BY CHUCK VANDENBERG
FORT MADISON – Artists from hours away came into Lee County this weekend for the “Bridging the Arts” event.
Easels and artists could be seen at different locations throughout Fort Madison on Sunday, just sitting by themselves working on their craft. Occassionally a passerby would stop and inquire as to their work, but the painters and sketchers would quickly get back to work as the competition ended before 2 p.m. and the works had to be completed and framed and ready for judging.
As part of the annual Art-in-Central Park on a perfect Sunday afternoon artists worked their craft and passersby walked between the canopies in Central Park.
Fort Madison Area Arts Association Director Brian Riggs combined this year’s event with a weekend of arts in Keokuk that included music at the Grand Theatre, the city’s Beer on the Bridge-Wine on Water event. He said he was open to draw a bigger audience with the joint weekend and bring traveling artists back to the community.
“With the tandem coop in Keokuk we’ve been able to give people two days in Lee County. It’s attracted artists from Cedar Rapids, Kirksville, Fairfield and other places,” Riggs said. “So again these aren’t your normal artists we’d seen here in the past. Some used to do art fairs, but it’s more lucrative to go do what they do. For us its interesting to have them back.”
In what has been known since the 1800s at Plein Air competitions artists travel to different locations and competitively create pieces for judging. Plein air,” is originally a French expression meaning “open air” that refers to creating a work of art outside.
Jamie Green an artist competing in the Plein Air competition out of Quincy, said he travels with a fellow retiree in RVs to competitions regularly. The two take turns driving as both have RVs and they move about the Midwest competing for awards and cash.
“They give you a time limit and you show up with your canvass or whatever you’re painting on. They stamp it before you go you so no one cheats, and then you bring it back in before time runs out.”
He said judges come in jury the submissions for cash and purchase awards. A purchase award is when a building owner or group offers a certain amount of money for a rendering of a local concept. He said some traveling artists do that work because it’s kind of a guaranteed sale.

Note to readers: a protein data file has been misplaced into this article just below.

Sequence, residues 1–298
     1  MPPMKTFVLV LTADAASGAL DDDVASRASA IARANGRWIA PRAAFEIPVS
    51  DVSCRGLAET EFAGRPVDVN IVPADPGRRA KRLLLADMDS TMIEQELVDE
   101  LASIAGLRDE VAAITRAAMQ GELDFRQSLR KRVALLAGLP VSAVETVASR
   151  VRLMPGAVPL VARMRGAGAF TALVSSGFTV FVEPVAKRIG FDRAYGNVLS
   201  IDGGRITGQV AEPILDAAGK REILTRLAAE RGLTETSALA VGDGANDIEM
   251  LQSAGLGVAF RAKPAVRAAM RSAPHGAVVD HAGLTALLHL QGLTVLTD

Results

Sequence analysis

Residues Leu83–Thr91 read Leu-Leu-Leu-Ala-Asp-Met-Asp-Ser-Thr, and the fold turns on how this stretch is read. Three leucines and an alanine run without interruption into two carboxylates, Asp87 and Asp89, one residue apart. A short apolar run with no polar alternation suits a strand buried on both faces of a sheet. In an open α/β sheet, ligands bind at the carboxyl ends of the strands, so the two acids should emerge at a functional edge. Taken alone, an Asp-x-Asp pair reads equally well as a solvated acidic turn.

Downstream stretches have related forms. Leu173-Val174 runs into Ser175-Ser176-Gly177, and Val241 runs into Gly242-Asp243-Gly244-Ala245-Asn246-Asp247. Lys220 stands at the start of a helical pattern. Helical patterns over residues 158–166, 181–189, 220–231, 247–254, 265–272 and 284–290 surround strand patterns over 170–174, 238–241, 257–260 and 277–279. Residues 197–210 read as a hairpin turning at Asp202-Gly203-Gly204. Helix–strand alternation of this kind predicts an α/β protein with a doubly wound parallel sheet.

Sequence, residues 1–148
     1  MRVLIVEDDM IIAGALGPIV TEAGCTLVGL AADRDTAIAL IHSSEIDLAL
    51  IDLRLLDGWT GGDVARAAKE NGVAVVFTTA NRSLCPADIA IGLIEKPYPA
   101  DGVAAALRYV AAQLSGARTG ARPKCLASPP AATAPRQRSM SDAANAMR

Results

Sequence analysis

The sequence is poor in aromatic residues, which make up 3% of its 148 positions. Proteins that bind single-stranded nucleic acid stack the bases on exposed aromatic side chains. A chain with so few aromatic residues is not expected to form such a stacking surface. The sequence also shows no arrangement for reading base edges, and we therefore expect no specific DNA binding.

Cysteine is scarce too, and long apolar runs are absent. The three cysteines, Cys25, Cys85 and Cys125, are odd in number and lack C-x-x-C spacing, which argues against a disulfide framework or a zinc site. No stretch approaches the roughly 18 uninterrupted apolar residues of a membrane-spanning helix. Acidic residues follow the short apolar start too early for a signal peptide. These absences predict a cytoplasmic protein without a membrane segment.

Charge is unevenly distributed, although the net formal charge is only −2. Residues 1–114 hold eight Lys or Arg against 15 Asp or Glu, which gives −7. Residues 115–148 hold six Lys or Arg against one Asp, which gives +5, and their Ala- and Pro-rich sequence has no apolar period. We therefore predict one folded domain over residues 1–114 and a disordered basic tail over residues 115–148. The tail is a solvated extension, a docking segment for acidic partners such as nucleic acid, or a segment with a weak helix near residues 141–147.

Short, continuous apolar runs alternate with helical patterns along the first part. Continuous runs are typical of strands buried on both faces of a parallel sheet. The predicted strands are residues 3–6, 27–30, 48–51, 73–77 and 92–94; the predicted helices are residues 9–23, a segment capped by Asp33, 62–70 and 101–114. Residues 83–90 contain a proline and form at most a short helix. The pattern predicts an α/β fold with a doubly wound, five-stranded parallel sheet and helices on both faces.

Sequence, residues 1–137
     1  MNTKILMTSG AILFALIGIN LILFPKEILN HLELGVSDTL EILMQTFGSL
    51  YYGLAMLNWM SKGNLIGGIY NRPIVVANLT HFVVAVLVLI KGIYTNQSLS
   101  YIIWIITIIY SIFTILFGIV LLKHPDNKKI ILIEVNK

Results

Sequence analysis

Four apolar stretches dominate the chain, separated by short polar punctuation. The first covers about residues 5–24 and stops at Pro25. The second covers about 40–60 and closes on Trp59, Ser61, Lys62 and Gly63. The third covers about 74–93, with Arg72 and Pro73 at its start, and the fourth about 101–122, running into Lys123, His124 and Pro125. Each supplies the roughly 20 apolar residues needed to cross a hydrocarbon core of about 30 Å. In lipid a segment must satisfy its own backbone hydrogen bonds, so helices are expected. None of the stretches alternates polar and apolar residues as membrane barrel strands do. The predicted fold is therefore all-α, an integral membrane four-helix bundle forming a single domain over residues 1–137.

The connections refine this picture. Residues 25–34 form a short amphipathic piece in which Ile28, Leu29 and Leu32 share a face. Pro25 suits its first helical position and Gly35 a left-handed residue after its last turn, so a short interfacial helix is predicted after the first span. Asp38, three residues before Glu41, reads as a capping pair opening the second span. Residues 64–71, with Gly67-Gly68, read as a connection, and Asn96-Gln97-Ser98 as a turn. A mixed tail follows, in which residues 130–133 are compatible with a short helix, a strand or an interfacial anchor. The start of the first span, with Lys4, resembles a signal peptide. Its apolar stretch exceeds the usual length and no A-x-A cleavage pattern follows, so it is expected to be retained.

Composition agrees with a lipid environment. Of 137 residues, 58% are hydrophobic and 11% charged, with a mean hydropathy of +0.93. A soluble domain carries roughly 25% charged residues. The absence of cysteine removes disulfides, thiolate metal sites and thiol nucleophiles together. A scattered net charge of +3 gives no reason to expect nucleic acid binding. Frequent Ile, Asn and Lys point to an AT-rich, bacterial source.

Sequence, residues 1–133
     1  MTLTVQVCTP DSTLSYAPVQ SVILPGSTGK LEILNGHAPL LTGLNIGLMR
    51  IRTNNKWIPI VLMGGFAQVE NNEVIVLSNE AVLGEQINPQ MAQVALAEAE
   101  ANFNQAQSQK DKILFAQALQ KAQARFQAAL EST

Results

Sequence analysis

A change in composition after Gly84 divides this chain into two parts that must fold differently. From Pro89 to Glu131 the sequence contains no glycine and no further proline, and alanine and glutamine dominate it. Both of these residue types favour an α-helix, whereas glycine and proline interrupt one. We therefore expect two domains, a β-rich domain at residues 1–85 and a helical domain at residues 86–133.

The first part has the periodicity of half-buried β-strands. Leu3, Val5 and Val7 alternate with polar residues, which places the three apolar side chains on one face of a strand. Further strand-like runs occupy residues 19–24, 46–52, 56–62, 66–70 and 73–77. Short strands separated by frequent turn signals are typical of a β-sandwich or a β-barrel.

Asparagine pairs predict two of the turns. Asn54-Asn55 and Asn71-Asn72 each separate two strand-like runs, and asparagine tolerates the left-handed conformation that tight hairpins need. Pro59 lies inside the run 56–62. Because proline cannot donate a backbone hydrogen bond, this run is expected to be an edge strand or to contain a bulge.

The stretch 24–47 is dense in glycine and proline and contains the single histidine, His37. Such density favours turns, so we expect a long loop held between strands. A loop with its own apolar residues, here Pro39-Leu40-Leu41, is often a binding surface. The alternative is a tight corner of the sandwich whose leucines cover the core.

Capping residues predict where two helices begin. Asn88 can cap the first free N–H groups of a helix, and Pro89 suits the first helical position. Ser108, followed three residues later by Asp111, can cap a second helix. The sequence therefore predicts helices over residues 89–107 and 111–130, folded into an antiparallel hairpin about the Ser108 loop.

Green is a former printing press operator who’s retired and enjoys the travel and the art. He was working up a ink sketch looking west down the alley between Avenue H and Avenue G from Seventh Street in the Connection Bank parking lot.
He competed in the Keokuk Plein Air competition on Saturday and drew a paddlewheeler and a tug boat. He also said some friends got up late Saturday night and painted the Fort Madison historic depot along the Mississippi. Green said painting is good camaraderie with fellow painters.
“It’s a good time to get together with other painting friends and traveling. Some of these events are 10 days and you do art every day. It’s just a blast,” Green said.
Last weekend he said he was in Carmel, Indiana with some fellow painters.
“Most of these are just weekend events. But we’ve gone to event Augusta, Missouri that lasts 10 days and brings 160 artists into that small town.”
He said competitions in the Midwest are starting to grow and smaller communities are picking up on the events. He said larger cities are starting to move away from the competitions, but the bedroom communities are picking up the slack.
Riggs said for the art industry Plein Air competitions have become popular in the last couple of years.
“We brought back Art-in Central for about 11 years now as a single-day event. And we noticed about three of four years ago for those artists with skill level to take their easels on the road so to speak, we weren’t getting them here,” Riggs said.
“Those with that niche like going from town to town and even these smaller towns are passing the hat to get these talented individuals in town for a given weekend.”
Other artists, such as Carol Gunn, a former art teacher in Harmony, was working on painting some of the architecture in the residential areas of Fort Madison. Some of the younger artists, like Aedan Miller, of Fort Madison turned pumpkins into superheros, like Spiderman.
“I like Superman, too,” Aedan said. “My favorite is Catboy,” he said from the PJ Masks animated superheros series.